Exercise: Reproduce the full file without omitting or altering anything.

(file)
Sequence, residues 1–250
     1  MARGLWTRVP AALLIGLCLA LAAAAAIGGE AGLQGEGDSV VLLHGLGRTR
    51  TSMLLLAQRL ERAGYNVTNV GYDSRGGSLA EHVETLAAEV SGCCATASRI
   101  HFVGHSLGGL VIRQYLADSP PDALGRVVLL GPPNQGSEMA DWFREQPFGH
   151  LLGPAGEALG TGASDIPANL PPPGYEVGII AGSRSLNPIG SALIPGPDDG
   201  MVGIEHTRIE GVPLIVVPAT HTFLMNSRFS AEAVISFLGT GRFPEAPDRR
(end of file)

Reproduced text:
Sequence, residues 1–250
     1  MARGLWTRVP AALLIGLCLA LAAAAAIGGE AGLQGEGDSV VLLHGLGRTR
    51  TSMLLLAQRL ERAGYNVTNV GYDSRGGSLA EHVETLAAEV SGCCATASRI
   101  HFVGHSLGGL VIRQYLADSP PDALGRVVLL GPPNQGSEMA DWFREQPFGH
   151  LLGPAGEALG TGASDIPANL PPPGYEVGII AGSRSLNPIG SALIPGPDDG
   201  MVGIEHTRIE GVPLIVVPAT HTFLMNSRFS AEAVISFLGT GRFPEAPDRR